In the vastness of human religious and cultural experience, probably innumerable times things have overlapped, borrowed, appropriated, reinterpreted, evolved from, and been used for the sake of convenience. To say that “the church” “stole” the date of Christmas implies a lot more planning and malice then I think was actually involved; for all we know it could have just been an easy date to pick. It seems odd and silly to split hairs, spill ink, and rap keyboards over these things. I have heard that it’s a matter of acknowledging things, the making aware of true history of an event, often it seems to be in regards to making a group (usually the Christians) aware that they aren’t the only ones celebrating on a given date.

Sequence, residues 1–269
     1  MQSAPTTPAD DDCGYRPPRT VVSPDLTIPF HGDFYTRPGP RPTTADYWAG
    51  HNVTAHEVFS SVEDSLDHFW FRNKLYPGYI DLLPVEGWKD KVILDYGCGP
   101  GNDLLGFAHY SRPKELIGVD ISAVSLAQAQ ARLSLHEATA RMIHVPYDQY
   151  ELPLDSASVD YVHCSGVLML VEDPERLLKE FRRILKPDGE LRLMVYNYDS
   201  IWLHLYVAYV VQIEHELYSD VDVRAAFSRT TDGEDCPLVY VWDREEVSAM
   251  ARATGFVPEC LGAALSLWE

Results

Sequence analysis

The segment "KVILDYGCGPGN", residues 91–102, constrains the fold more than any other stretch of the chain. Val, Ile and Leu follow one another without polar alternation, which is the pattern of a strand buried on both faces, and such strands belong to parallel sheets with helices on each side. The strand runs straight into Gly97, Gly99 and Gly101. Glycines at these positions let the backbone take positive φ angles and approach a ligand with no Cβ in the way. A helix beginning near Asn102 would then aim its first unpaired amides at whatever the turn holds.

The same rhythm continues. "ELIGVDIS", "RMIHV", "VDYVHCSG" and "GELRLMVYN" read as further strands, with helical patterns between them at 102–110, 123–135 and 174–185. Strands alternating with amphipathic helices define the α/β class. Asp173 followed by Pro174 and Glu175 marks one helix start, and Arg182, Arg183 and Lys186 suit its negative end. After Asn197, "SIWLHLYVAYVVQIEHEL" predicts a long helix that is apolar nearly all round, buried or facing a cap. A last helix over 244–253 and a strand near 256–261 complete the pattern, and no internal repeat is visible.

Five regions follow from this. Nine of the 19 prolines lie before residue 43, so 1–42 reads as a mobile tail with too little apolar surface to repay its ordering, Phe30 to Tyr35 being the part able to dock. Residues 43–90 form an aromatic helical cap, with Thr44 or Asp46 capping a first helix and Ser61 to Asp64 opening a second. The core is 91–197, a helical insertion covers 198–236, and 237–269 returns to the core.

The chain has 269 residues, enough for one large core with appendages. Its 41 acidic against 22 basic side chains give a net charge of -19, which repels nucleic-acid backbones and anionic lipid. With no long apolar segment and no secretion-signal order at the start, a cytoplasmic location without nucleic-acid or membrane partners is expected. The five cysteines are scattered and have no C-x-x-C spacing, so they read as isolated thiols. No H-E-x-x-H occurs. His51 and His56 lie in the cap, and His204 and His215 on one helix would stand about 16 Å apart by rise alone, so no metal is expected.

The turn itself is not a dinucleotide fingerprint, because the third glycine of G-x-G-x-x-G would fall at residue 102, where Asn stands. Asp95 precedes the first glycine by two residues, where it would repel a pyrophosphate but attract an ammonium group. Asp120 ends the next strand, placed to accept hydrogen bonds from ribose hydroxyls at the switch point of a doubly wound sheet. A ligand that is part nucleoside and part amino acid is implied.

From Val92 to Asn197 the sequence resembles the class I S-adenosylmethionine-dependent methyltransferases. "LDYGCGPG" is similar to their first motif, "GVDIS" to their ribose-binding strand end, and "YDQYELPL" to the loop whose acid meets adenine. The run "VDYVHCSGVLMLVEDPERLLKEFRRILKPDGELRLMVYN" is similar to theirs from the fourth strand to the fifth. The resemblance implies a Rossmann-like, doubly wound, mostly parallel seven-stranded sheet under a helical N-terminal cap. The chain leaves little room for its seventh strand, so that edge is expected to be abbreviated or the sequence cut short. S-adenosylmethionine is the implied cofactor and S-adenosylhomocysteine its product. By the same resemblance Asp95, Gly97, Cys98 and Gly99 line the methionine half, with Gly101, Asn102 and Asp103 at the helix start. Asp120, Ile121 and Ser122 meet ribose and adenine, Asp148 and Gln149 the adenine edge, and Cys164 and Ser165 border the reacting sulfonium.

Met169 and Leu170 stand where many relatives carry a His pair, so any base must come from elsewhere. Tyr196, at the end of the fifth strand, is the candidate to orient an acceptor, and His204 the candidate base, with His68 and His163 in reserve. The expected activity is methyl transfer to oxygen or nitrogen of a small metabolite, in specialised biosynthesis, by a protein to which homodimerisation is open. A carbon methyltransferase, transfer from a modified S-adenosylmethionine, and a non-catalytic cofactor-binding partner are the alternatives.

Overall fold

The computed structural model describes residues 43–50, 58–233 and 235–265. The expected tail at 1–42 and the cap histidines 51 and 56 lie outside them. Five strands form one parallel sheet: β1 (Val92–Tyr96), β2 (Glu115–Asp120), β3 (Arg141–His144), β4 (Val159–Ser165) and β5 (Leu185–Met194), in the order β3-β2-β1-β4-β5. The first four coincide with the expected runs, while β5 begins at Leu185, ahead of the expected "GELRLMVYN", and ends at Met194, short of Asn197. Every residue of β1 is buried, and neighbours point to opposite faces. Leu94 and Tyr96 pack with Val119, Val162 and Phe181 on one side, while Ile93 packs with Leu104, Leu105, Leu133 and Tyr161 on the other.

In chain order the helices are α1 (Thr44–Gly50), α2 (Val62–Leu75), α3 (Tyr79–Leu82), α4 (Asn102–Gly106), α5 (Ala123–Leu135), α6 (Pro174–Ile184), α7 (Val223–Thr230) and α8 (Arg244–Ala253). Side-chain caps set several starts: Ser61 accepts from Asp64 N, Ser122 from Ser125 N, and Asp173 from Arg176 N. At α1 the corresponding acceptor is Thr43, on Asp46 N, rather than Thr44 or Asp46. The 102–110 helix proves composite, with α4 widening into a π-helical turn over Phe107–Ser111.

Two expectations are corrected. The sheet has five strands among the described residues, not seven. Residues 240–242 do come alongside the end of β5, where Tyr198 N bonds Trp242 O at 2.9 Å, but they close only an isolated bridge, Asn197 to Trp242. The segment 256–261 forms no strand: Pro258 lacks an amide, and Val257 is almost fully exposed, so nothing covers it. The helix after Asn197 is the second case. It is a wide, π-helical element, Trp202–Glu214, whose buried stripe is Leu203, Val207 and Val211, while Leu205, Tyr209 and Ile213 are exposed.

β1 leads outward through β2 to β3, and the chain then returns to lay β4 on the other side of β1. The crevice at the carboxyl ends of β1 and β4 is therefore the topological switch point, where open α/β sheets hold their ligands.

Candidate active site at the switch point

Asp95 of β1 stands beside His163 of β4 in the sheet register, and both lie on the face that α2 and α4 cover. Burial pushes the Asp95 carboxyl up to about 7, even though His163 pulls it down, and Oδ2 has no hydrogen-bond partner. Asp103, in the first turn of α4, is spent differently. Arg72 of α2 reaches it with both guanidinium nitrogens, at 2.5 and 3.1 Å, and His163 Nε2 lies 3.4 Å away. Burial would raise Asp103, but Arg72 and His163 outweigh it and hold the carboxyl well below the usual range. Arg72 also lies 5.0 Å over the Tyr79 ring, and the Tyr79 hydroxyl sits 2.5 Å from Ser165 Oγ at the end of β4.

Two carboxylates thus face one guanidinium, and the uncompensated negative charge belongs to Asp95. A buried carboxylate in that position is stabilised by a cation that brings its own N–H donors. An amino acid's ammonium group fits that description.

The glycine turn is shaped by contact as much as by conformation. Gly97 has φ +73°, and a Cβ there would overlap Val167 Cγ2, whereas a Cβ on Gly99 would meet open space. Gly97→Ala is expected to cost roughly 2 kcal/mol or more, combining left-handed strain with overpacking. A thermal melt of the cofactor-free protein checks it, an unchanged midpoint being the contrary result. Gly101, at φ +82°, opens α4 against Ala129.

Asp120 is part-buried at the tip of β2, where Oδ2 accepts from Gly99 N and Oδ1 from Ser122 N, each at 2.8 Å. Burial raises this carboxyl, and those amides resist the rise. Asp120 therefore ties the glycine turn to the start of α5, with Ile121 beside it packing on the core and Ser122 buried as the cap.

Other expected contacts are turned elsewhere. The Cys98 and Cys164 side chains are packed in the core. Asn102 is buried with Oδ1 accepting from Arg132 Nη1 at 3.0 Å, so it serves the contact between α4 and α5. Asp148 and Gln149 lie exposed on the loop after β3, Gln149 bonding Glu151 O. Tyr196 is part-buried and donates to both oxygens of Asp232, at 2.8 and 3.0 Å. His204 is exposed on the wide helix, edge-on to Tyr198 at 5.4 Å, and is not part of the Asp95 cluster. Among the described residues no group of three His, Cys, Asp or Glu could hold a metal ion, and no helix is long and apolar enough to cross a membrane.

But this comes back to my above question: What’s the point? Weather or not the run of the mill Christian acknowledges what their religion has incorporated from other sources, does that affect the way we, the practitioners, actually celebrate and practice? Is the way we associate with our gods, their symbols, the holy days, and all the rest dependent upon how other people think of and related to a different version of them? And if so, why should we let outsiders influence the way we worship?

Now, as I write this, I can see the awareness reply coming forwards. By educating people about our traditions and the who/what/why/when/how of things, it will help foster understanding, acceptance, and interfaith dialogue. These things I can see as being very beneficial and should be undertaken. But, I ask my self, at what point does the discussion become excessive? Like with the example of St. Valentine’s above, at what point does this discussion of origins become completely irrelevant in the practical world beyond interesting trivia? If its not helping to generate understanding that moves us towards openness then why do we do it?